1. Brotherhood

I first met TF through his “brother” Yixiu, owner of Rock Bar. I soon came to learn that most of the guys who hung out or worked at Rock Bar were “brothers” from the same village in Yulong County. Closer than ordinary friends, these guys shared long histories and a responsibility to protect and respect one another. Yixiu, as the oldest in the group and therefore the “big brother,” demanded the most respect. This often led to complex tensions and conflicts among the lower ranks. If the guys felt upset with Yixiu, they did not dare to voice their complaints for fear of disrespecting their big brother. To me, as TF’s girlfriend, I was granted access to this unusual network of locals. Many of the guys came to feel like real friends. At the same time, though, with TF I consistently felt second-place to his friends. The brotherhood always came first.

  1. Moneymaking

As an upper-middle class American, I was raised to believe that education is the path to success. Pick a direction, follow through, earn a degree (or several), and a long career will follow. This same mindset is very prevalent in urban Chinese society. In Lijiang, however, I found the opposite situation. I’ve written before about Ljiang’s tourism-dominated economy, in which livelihoods are created and destroyed based on informal interpersonal networks. This environment provides easy money to uneducated locals from impoverished backgrounds. Most of the young people I met were dabblers: they played music, worked in guesthouses, led tour groups, and sold local products to tourists. Only a few held full-time “careers,” such as TF’s roommate who was a real estate agent. With his college education, TF might have had more career opportunities than many of the other locals. But surrounded as he was by Lijiang’s unique tourism economy, he remained firmly entrenched in the culture of one-time moneymaking schemes: a jade sale here, a tour group there. In a way, I found this culture freeing and inspiring. Anything seemed possible. If he were tied down to a full-time job, TF would never have had the opportunity to play music, learn about the symbolic significance of jade or tea, or interact with tourists from all walks of life. His experiences have given him a unique appreciation of his own traditional culture, an appreciation that is arguably lacking in many parts of China (and the world).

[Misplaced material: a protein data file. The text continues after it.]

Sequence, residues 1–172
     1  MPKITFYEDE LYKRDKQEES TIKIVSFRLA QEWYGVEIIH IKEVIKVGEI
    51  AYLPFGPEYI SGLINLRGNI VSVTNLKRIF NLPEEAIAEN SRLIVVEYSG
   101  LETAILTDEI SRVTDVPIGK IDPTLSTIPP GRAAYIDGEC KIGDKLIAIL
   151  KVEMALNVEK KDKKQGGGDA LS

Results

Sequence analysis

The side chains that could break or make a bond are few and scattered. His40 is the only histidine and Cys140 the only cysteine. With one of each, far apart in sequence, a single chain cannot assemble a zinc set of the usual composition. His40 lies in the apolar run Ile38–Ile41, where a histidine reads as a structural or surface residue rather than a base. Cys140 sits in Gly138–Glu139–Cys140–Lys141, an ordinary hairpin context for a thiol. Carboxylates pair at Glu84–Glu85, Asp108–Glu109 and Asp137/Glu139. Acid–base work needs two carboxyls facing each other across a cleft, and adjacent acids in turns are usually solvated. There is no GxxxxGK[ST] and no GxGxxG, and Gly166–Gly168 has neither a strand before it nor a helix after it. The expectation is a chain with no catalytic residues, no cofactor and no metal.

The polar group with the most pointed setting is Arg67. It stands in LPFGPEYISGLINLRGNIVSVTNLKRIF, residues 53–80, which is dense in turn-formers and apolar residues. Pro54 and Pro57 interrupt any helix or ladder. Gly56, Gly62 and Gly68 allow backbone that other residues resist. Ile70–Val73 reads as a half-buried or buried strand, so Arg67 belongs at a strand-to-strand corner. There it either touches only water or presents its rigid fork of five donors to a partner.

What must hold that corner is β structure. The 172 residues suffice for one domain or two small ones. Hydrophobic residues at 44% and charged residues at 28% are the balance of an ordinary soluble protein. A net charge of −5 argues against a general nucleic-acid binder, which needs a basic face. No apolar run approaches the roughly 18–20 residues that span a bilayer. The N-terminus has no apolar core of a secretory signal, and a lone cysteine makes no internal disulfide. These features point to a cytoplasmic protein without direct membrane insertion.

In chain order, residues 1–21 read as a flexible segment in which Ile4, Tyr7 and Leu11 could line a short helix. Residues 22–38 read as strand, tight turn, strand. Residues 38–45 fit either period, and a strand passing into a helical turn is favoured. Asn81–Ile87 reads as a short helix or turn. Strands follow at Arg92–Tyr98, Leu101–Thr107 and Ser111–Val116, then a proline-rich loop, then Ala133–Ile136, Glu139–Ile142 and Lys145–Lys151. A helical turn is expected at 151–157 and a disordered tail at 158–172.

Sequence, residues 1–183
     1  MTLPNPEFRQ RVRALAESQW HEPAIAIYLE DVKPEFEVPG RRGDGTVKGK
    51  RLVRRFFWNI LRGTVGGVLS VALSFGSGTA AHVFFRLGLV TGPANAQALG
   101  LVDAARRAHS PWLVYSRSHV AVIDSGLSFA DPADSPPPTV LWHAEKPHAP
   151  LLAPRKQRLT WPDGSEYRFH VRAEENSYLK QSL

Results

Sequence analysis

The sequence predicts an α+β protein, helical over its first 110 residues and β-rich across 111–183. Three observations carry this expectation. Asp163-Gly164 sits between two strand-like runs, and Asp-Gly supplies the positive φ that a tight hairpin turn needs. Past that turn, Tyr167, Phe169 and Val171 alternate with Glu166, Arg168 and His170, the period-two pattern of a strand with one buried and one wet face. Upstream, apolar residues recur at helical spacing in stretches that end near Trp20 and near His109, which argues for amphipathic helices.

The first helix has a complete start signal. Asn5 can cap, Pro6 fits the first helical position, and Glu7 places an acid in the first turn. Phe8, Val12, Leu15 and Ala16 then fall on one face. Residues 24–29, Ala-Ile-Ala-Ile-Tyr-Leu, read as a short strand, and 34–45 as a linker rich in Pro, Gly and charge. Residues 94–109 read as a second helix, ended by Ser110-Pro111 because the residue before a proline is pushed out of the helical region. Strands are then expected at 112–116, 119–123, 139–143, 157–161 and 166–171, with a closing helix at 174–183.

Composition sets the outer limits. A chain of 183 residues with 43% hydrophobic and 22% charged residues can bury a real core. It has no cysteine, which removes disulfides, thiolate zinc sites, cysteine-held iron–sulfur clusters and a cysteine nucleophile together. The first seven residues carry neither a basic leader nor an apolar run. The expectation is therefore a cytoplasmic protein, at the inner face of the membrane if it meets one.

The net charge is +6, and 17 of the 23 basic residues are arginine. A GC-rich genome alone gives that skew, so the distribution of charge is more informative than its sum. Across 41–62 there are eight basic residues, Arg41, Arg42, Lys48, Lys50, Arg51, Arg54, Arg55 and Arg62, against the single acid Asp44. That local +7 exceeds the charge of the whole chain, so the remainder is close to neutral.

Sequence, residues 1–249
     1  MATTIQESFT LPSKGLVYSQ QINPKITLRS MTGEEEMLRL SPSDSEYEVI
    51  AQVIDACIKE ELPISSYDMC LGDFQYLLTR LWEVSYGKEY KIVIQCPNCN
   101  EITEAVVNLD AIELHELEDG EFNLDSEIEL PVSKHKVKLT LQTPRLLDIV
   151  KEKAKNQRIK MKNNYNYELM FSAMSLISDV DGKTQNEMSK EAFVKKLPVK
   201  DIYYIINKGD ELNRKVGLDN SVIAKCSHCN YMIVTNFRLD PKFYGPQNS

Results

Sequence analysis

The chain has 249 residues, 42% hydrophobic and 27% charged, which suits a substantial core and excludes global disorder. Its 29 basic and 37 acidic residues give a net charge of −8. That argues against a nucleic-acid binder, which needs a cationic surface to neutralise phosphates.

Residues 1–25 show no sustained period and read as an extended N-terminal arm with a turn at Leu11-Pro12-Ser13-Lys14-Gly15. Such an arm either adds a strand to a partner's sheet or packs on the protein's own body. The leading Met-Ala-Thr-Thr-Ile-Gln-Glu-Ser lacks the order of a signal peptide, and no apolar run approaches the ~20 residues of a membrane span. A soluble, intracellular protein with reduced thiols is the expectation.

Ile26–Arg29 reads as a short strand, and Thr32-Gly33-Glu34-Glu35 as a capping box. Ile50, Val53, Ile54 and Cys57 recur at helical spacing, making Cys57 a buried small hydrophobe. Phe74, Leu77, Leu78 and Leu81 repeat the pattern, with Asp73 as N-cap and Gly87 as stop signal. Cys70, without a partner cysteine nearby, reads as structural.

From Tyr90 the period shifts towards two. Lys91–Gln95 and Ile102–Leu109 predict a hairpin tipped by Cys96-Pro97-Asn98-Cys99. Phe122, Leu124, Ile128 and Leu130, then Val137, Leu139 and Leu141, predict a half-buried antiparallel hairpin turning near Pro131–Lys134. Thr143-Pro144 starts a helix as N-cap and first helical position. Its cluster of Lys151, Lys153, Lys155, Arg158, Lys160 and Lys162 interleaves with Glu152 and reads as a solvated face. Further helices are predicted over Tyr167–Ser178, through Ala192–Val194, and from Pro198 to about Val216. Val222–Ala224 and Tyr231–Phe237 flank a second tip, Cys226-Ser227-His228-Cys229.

On the other hand, the Lijiang Lifestyle made me feel anxious. There was a persistent lack of ambition in the air, and the locals spent hours every day playing cards, computer games, and hanging out. As time went on I began to worry that I was losing touch with my sense of idealism, and my belief that continuous learning and hard work would make the world a better place. My decision to apply to graduate school came about during one of those long, lazy days, when I realized that I would rather work hard towards some idealistic goal than remain comfortable forever.

  1. Folk Beliefs

These were the little differences in belief that may not seem important, but tend to add up and constitute a large component of a person’s worldview. TF truly believed in the healing power of jade, Chinese herbs, and ivory (which is another issue altogether). He believed that the Chinese zodiac was of indisputable importance, and once admitted that if I weren’t a foreigner, to whom the zodiac doesn’t really apply, he never would have dated someone from the Year of the Ram. Although many of these seemed like superstitions to me, I had to admit that I probably believe many things that would seem fallacious to Chinese people. MSG is bad. Eggs must be refrigerated. Tylenol cures all. I often discussed with TF what it means to believe in something, and we reached the agreement that belief cannot be forced. Although I wanted to believe in the power of jade, for example, I simply couldn’t. I hadn’t grown up with the idea. All we could do, we agreed, was accept and respect the beliefs of the other person and hope that our own beliefs would expand and evolve with time.

  1. Political Beliefs